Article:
October 31, 2011 (Al Arabiya)
October 31, 2011 (Al Arabiya)
Syrian President Bashar al-Assad said he will not “waste his time” talking about the body leading the opposition against him, as the Arab League was on Monday awaiting a response from Assad to its proposals for ending bloodshed in Syria.
The Arab League Chief, meanwhile, said that the proposed Arab plan to end months of bloodshed in Syria includes a demand to remove tanks from the streets.
“The Arab proposal to Syria calls for withdrawing tanks and all military vehicles to bring an immediate end to the violence and give assurances to the Syrian street,” Arabi told AFP in the Qatari capital Doha on Monday.
In an interview published by The Daily Telegraph on Monday, Assad dismissed the Syrian National Council, a broad front bringing together most of his main opponents, as senior members of the group accused him of scaremongering to protect his embattled regime.
“I wouldn’t waste my time talking about them,” he said. “I don’t know them. It’s better to investigate whether they really represent Syrians.”
The Syrian president insisted that anti-government demonstrators were being paid and were motivated by money.
“You have a lot of money being paid every day, a lot of money moving across the border,” he said. “Part of this money actually supports our economy.”
Qatar’s foreign minister, Sheikh Hamad bin Jassem Al Thani, who headed an Arab ministerial meeting with a Syrian delegation late on Sunday, said Assad must take “concrete steps” to end the unrest that according to the United Nations has claimed more than 3,000 Syrian lives since March.
Speaking to reporters after the meeting in the Qatari capital Doha, Sheikh Hamad said the group of Arab League foreign ministers “agreed on a serious proposal to stop the killing and all forms of violence in Syria,” adding that the committee expected a response from Assad on Monday.
He did not reveal details of the proposed plan, according to AFP.
The meeting was convened to address growing concerns among regional leaders that the brutal crackdown on Syrian protesters calling for Assad’s resignation could further inflame the Arab world, already reeling from unprecedented uprisings that have since January unseated three long-time dictators in Tunisia, Egypt, and Libya.
“The entire region is at risk of a massive storm,” said Sheikh Hamad after more than three hours of talks between the foreign ministers and their Syrian counterpart Walid Muallem.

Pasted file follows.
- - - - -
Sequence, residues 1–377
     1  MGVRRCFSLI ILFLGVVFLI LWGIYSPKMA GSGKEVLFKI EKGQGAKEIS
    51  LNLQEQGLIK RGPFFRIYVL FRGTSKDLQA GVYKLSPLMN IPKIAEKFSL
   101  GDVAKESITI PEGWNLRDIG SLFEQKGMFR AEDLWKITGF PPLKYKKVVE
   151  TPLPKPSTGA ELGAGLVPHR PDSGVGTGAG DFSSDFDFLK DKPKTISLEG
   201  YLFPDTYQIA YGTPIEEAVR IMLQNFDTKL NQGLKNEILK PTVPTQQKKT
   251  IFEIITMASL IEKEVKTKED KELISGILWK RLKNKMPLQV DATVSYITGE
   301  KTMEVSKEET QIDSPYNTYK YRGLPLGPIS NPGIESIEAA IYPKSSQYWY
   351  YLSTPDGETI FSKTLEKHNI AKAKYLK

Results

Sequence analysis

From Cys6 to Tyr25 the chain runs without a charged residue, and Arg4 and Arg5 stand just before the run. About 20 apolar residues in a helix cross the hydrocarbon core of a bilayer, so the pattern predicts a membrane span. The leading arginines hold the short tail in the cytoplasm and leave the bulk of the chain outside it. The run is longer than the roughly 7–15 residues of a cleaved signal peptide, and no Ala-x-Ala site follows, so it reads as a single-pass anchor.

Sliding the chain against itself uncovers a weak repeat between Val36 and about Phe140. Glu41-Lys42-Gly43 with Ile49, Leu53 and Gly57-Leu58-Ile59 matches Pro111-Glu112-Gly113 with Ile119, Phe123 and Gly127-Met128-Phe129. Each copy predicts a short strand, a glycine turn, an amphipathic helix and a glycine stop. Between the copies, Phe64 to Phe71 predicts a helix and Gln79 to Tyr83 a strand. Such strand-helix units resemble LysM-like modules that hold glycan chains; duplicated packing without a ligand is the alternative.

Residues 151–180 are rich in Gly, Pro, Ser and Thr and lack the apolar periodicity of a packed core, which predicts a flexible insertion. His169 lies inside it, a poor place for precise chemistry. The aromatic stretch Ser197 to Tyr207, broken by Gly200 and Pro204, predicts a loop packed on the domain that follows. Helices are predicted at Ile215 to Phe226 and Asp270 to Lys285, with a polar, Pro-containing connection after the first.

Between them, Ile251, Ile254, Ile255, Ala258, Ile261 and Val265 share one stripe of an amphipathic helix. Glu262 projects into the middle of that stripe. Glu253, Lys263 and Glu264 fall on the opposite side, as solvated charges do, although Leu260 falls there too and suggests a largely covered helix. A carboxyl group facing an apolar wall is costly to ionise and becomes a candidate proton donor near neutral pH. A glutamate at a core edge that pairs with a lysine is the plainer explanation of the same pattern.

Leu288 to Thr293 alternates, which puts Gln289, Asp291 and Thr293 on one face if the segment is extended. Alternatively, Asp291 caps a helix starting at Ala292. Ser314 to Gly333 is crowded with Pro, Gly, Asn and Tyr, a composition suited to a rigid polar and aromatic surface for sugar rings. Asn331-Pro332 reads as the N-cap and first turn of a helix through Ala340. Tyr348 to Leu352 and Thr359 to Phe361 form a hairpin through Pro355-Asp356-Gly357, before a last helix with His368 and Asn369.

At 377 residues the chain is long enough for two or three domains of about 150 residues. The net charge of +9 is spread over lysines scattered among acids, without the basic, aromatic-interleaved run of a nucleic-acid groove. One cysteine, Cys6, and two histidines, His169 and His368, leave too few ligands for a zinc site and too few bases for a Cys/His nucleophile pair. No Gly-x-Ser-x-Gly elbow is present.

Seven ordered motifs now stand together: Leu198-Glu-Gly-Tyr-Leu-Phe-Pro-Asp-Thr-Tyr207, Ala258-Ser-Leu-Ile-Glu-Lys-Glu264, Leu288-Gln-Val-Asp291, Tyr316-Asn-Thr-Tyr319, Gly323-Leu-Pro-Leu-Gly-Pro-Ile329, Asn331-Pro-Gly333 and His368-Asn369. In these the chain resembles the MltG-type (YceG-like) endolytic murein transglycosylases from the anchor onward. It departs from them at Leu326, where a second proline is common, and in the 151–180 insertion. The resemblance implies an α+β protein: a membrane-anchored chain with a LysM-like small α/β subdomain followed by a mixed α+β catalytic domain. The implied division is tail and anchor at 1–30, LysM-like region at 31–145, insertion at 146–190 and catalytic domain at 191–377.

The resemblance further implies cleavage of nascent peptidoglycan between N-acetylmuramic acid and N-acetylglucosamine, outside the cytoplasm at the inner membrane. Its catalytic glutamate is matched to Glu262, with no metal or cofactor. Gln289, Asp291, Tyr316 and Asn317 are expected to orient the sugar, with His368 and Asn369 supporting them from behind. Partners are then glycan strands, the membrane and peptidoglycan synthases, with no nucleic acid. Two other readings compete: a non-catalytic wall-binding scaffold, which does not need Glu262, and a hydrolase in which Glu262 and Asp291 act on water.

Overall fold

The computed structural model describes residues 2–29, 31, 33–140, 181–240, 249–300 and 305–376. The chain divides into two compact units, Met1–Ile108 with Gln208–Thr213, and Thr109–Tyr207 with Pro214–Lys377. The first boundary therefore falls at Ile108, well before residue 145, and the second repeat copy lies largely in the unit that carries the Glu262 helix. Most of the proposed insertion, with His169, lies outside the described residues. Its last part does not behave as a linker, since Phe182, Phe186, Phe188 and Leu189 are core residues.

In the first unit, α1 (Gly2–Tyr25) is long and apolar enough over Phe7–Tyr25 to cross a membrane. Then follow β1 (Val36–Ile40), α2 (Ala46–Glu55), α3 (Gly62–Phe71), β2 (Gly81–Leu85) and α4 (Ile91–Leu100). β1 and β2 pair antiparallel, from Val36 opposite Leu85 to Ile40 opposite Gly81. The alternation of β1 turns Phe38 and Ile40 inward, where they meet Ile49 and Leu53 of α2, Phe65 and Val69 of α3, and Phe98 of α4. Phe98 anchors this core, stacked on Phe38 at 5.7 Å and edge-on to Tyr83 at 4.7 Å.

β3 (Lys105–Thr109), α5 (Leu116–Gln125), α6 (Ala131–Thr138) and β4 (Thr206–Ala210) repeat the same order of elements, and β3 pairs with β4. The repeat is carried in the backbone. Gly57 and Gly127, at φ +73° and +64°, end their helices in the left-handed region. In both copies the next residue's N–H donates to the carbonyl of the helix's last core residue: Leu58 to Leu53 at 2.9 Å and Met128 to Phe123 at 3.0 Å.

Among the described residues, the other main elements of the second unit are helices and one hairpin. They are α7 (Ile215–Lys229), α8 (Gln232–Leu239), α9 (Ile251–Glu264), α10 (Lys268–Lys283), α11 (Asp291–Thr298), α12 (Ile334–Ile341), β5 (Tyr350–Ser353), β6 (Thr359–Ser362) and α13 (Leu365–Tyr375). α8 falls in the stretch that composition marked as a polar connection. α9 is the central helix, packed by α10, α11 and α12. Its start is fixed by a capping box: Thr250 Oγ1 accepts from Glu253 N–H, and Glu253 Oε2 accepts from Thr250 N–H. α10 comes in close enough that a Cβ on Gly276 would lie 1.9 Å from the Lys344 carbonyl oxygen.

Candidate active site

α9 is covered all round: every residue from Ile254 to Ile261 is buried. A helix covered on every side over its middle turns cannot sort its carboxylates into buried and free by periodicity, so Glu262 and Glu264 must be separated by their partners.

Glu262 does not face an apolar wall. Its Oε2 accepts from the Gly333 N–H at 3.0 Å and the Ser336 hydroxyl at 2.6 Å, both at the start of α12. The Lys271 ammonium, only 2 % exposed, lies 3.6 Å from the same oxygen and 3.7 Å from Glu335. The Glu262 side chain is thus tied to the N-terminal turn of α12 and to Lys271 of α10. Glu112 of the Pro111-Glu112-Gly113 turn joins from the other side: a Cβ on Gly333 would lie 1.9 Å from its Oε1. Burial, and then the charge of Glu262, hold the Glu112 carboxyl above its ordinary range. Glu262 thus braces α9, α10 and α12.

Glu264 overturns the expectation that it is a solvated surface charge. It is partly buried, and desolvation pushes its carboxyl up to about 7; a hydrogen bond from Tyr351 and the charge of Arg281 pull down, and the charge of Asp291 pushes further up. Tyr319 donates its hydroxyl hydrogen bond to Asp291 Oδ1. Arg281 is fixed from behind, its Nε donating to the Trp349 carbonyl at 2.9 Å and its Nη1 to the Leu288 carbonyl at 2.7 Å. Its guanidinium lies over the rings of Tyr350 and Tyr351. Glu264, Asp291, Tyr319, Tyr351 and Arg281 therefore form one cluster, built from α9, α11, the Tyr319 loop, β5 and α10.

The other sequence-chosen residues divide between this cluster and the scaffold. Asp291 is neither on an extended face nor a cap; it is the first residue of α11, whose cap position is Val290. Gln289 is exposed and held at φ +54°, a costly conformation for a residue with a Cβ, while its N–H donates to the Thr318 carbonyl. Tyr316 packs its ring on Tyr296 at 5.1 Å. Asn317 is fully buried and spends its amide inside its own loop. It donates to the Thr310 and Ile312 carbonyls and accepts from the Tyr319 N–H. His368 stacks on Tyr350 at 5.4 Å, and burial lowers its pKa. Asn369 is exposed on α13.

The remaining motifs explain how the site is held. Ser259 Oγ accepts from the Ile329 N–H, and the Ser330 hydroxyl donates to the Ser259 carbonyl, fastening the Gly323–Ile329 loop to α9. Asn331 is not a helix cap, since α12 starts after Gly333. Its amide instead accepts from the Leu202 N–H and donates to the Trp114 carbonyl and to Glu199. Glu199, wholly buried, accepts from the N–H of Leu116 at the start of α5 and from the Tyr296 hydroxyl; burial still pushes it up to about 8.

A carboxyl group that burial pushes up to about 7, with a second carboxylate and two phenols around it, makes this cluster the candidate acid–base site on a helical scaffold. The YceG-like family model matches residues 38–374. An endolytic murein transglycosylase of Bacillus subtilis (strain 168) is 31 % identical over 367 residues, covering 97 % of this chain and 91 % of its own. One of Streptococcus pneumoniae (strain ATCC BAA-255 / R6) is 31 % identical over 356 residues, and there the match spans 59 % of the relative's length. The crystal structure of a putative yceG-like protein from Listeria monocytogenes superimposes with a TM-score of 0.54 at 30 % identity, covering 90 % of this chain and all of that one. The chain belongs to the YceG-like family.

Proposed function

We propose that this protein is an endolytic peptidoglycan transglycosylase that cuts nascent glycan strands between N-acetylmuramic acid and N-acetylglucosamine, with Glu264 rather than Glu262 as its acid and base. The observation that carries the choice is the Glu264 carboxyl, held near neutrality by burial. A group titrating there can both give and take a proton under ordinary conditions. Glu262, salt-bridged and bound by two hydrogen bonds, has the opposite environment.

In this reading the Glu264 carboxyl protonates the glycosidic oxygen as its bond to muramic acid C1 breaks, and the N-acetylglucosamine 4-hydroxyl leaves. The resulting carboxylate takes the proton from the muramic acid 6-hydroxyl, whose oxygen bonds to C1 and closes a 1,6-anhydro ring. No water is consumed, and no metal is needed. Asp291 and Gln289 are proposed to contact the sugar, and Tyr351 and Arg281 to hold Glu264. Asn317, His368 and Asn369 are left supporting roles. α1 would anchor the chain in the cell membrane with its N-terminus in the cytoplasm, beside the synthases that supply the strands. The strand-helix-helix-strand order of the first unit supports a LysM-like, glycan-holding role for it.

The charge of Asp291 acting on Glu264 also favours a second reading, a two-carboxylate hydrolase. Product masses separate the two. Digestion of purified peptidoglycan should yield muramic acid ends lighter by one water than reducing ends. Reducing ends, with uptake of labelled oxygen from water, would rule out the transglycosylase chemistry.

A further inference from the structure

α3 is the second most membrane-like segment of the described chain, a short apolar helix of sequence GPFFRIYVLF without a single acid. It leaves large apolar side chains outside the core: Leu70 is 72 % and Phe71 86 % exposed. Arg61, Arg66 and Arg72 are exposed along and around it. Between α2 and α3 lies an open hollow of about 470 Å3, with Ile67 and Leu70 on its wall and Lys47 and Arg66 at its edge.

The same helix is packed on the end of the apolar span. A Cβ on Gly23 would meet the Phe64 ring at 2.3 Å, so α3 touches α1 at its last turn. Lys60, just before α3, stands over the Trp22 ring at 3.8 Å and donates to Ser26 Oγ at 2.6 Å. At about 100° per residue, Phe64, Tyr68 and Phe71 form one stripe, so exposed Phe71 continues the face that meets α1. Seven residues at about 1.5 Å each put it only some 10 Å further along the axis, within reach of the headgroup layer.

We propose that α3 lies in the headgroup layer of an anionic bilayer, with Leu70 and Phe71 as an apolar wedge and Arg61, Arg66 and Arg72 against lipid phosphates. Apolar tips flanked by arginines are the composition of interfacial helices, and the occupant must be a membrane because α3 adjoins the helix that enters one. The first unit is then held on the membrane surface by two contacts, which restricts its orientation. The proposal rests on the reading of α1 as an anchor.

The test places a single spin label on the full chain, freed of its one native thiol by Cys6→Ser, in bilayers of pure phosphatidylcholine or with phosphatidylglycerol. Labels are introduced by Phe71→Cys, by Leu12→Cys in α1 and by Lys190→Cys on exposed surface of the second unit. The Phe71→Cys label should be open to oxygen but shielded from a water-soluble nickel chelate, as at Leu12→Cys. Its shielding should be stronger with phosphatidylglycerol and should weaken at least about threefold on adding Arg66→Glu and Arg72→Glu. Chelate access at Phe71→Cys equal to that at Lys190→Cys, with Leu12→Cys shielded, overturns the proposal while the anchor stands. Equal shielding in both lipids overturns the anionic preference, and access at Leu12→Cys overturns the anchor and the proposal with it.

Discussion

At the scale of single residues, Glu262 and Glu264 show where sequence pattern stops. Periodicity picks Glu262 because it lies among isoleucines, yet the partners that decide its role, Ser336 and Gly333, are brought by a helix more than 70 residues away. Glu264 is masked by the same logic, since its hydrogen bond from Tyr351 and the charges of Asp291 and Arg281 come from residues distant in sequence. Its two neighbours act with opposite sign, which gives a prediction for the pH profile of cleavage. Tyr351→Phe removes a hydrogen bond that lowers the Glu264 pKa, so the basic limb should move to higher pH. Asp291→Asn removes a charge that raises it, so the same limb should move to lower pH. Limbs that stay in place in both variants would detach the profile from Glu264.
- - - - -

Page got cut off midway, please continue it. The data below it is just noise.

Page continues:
“What is required of Syria … are concrete steps that could avoid what happened to other countries,” he said, in an apparent reference to NATO’s military intervention in the popular uprising against dictator Muammar Qaddafi.
The comments came in response to an earlier warning from Assad that any Western intervention in Syria would cause an “earthquake” across the Middle East.
“Any problem in Syria will burn the whole region. If the plan is to divide Syria, that is to divide the whole region,” Assad told Britain’s Sunday Telegraph newspaper.
“Syria is the hub now in this region. It is the fault line, and if you play with the ground you will cause an earthquake — do you want to see another Afghanistan, or tens of Afghanistans?” he asked.
China, which together with Russia vetoed a U.N. Security Council resolution on Syria earlier this month, expressed support for the Arab mediation effort.
Its Middle East envoy Wu Sike said in Cairo he had told Assad in Damascus on Thursday that his regime’s deadly crackdown on dissent “cannot continue.”
The Doha talks came as Syrian activists put mounting pressure on the Arab League to suspend Syria’s membership of the 22-member bloc. Activists across Syria organized protests on Sunday calling for the League to “freeze the membership” of Syria.
Meanwhile, the death toll in Syria continues to rise with at least seven people killed in violence on Sunday in several cities including Homs, Hama, Idlib and Deraa, the National Organization for Human Rights said in a statement, AFP reported.
Almost 100 people were killed in Syria on Friday and Saturday, the two bloodiest days yet of the uprising, among them 30 Syrian security agents and dozens of civilians, according to the Syrian Observatory for Human Rights, a Britain-based rights watchdog.
Activists meanwhile renewed the call for a Libyan-style no-fly zone, and the equipping of the ‘Syrian Free Army’ (SFA) – an opposition military group composed of defecting soldiers.
However, Western diplomatic sources said that there was “no appetite” for military intervention against Syria.
Opposition figures conceded that Syria’s patchwork of races and religions makes the country vulnerable to civil war. But they said it was the regime’s policies which were fuelling the risk.
The Local Coordination Committees, an activist group, says that 343 people, including 20 children, have been killed inSyria since Oct. 16.